Bit of an introductory story: I got a discount from my phone company for retention, by threatening to cancel. My neighbour also threatened to cancel after hearing about my discount, but didn't get an offer. Why? He wasn't serious about leaving, and they caught on. I was. If someone knows you won't pull the trigger, they do not have a reason to change what ...


90

Give them options, or a hiding place perhaps. Trying to tell them out of game to run is (unfortunately) well into the realm of railroading. On that note, there is one option: Show them in-game that running is their best option. This can be accomplished by having a known-powerful NPC friend defeated by said baddie, or an appropriate knowledge check about them ...


90

Sometimes, clever and creative players are a pain, because you planned for something very different. Yet, it is the clever and creative play that makes the game so rewarding. Instead of getting the player to adapt to your plans, I suggest you adapt your plans to the player. Make going to the authorities interesting If the authorities are always helpful, or ...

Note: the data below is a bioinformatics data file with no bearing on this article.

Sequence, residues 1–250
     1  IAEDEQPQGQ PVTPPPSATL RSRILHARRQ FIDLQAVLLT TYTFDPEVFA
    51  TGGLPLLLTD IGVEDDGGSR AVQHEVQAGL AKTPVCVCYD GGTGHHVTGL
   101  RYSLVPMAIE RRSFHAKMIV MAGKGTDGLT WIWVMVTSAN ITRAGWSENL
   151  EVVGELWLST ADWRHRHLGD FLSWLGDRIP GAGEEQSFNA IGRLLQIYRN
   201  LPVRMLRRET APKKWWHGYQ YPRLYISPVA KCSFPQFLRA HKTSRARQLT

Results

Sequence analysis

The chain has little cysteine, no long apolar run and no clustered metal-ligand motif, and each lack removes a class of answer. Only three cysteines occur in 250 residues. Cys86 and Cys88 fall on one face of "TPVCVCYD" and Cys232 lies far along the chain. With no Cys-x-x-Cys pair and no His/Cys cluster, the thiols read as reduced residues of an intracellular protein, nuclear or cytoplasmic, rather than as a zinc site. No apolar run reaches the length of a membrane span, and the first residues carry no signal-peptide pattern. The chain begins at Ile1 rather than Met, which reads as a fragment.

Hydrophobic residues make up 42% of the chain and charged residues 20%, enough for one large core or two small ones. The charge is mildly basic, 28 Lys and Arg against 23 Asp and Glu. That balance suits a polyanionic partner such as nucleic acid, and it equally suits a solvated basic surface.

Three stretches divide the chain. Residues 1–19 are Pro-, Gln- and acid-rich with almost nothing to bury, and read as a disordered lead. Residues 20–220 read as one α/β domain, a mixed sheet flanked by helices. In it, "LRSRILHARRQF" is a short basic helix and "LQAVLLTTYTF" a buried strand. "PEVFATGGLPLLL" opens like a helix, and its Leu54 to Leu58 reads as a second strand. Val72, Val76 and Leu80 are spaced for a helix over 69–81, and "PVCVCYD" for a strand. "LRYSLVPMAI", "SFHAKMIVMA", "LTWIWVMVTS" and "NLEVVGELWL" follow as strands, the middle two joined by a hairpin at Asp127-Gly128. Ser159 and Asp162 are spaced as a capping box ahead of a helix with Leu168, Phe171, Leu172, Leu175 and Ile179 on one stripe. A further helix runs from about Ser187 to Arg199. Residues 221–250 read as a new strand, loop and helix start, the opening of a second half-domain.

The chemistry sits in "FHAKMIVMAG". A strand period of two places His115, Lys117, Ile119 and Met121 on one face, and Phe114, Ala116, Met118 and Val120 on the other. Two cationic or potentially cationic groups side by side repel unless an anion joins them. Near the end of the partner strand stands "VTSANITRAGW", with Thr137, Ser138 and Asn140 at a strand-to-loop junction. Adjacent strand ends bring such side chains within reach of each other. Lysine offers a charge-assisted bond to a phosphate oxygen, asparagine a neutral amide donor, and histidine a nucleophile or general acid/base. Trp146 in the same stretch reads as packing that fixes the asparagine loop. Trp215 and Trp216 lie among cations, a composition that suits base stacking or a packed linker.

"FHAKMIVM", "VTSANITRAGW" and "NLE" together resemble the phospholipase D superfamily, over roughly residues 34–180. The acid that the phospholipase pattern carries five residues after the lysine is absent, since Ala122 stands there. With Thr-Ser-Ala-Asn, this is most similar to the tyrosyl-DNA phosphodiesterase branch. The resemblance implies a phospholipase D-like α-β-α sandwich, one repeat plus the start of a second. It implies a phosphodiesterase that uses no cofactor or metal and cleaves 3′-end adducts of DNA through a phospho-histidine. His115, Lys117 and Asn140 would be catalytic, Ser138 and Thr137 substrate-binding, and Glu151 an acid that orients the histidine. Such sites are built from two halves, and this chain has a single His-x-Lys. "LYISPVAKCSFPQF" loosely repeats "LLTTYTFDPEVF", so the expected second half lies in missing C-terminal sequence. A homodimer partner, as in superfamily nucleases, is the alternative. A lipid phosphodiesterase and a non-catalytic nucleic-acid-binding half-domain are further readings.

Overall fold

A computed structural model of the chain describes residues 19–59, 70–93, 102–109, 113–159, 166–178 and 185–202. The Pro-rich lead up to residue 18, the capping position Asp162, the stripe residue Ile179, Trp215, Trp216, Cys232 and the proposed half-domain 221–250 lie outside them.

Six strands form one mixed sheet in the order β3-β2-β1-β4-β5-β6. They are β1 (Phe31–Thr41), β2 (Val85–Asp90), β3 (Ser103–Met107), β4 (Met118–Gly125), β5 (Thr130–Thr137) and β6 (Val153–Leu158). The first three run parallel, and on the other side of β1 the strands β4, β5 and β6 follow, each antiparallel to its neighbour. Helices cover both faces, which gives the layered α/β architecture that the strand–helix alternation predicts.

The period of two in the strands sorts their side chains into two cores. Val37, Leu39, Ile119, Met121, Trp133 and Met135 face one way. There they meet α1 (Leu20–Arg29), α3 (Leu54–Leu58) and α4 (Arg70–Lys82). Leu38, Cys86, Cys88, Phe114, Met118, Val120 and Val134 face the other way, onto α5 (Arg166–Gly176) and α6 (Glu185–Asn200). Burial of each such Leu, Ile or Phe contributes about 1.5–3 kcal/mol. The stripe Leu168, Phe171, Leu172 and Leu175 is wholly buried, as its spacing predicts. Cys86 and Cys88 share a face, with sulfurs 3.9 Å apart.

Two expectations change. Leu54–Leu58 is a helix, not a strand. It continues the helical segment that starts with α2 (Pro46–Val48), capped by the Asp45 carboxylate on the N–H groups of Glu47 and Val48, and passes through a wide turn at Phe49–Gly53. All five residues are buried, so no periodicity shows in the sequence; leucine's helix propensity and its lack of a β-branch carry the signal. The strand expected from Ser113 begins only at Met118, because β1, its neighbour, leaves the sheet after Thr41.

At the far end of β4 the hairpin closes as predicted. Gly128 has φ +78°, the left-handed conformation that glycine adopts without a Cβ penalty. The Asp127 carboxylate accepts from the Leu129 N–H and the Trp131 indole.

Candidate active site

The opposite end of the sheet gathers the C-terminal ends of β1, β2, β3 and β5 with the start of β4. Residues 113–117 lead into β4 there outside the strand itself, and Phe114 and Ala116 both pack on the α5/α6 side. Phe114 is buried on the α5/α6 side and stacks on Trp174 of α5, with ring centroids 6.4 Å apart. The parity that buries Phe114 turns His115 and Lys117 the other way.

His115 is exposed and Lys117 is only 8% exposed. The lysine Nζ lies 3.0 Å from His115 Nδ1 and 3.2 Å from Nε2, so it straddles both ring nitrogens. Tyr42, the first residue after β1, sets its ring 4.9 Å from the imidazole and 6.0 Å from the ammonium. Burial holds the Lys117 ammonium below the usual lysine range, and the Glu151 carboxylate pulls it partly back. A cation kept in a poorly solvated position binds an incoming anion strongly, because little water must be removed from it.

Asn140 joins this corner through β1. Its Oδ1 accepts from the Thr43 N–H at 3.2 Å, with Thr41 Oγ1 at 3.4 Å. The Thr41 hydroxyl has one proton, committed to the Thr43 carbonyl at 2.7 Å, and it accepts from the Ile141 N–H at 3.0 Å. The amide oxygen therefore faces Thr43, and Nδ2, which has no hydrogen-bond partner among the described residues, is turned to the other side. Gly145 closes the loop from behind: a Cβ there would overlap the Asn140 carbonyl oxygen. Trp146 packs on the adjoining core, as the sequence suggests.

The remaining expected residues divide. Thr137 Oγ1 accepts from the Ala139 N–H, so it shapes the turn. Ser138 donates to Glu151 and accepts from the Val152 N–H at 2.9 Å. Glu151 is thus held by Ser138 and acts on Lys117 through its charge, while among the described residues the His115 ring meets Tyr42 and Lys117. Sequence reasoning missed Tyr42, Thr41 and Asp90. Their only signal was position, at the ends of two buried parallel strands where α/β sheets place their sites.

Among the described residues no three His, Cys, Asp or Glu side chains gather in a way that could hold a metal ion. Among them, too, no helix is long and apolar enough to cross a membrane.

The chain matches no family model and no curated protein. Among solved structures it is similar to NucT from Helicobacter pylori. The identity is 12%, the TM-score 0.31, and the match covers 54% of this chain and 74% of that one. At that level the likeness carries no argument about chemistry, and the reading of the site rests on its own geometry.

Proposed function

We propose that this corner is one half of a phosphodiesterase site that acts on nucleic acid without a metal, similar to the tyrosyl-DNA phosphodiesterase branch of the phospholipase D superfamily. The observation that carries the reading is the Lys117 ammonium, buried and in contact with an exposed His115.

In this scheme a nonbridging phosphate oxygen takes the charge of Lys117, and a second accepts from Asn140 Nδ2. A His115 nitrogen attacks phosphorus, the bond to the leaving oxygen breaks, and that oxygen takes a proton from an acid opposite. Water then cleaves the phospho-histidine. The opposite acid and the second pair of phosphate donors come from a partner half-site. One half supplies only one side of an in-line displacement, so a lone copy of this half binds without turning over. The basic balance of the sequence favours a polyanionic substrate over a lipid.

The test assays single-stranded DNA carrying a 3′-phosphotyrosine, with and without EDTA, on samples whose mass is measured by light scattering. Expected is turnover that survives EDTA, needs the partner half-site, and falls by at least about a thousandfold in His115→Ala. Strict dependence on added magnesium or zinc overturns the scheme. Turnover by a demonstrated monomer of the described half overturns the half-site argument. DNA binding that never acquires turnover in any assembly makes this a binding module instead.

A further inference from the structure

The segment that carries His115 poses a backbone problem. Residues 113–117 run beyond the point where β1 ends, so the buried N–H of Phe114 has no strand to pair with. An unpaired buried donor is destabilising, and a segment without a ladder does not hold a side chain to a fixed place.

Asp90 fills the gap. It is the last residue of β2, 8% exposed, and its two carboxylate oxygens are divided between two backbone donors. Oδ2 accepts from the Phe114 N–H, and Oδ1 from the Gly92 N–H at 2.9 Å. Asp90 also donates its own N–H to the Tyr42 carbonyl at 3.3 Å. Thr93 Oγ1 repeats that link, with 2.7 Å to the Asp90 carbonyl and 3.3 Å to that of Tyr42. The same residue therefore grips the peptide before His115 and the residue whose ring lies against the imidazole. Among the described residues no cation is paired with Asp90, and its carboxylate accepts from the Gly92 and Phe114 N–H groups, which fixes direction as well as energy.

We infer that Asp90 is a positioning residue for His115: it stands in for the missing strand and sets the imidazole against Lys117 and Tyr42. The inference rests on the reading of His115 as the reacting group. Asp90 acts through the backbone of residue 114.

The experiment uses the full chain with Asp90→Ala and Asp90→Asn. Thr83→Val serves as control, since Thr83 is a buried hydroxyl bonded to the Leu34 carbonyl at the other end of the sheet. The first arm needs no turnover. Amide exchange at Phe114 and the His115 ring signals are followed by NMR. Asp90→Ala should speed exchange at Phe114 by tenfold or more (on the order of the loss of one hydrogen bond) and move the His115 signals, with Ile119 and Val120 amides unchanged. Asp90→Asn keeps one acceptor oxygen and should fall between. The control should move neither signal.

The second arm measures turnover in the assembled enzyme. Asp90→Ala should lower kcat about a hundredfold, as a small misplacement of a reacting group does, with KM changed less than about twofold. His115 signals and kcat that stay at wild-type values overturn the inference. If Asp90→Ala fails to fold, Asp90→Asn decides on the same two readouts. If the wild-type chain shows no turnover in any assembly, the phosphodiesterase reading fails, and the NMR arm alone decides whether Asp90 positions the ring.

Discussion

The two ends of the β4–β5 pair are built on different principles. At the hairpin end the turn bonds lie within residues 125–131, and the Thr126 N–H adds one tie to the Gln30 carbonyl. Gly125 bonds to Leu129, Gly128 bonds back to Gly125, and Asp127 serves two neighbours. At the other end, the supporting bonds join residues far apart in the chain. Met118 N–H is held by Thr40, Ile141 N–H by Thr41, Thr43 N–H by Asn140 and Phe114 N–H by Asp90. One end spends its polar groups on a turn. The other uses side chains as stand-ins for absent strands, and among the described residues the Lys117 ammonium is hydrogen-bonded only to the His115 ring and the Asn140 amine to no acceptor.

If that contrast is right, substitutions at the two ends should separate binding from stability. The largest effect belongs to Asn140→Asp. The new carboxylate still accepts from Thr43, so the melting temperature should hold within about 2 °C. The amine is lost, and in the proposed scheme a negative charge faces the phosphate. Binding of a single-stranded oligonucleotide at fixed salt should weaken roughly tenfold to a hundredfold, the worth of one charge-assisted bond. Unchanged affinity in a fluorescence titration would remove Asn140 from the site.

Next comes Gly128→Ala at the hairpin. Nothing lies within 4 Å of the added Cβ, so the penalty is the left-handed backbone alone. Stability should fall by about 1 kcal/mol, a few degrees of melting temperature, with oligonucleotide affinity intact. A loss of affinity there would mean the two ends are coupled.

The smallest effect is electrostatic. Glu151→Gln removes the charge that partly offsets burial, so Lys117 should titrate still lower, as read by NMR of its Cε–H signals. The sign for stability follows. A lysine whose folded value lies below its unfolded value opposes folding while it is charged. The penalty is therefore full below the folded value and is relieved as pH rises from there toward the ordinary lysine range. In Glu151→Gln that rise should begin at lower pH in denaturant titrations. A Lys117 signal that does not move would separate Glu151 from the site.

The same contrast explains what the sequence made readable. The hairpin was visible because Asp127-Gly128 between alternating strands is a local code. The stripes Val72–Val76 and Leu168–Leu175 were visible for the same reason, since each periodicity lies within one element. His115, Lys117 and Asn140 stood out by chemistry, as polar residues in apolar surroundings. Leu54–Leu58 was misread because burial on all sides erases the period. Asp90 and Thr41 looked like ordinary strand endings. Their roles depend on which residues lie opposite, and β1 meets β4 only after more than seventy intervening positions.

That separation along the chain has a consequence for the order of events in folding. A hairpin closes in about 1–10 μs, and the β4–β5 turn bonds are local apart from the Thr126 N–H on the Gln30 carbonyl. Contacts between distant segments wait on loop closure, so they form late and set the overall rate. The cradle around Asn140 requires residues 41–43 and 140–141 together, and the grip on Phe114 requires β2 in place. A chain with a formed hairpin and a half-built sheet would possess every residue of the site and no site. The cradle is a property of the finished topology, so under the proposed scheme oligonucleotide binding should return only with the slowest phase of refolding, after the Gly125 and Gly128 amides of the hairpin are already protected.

90

The term I have heard the most would be Support, as it is their role to assist the other party members. While in a lot of system Healers double as Supports, or Supports double as Healers, they're not the same thing. It highly depends on the system, though. For demonstration of these terms: My next character in an upcoming Pathfinder campaign is a "Rogue ...


89

This is a valid way to run a game. The problem you are having is that you're asking questions that your character wouldn't know the answer to. So an equally valid response to your questions would be: "How is your character going to figure that out?" or "What skill are you going to use to try to know that answer?" or simply "well, your character isn't sure, ...


87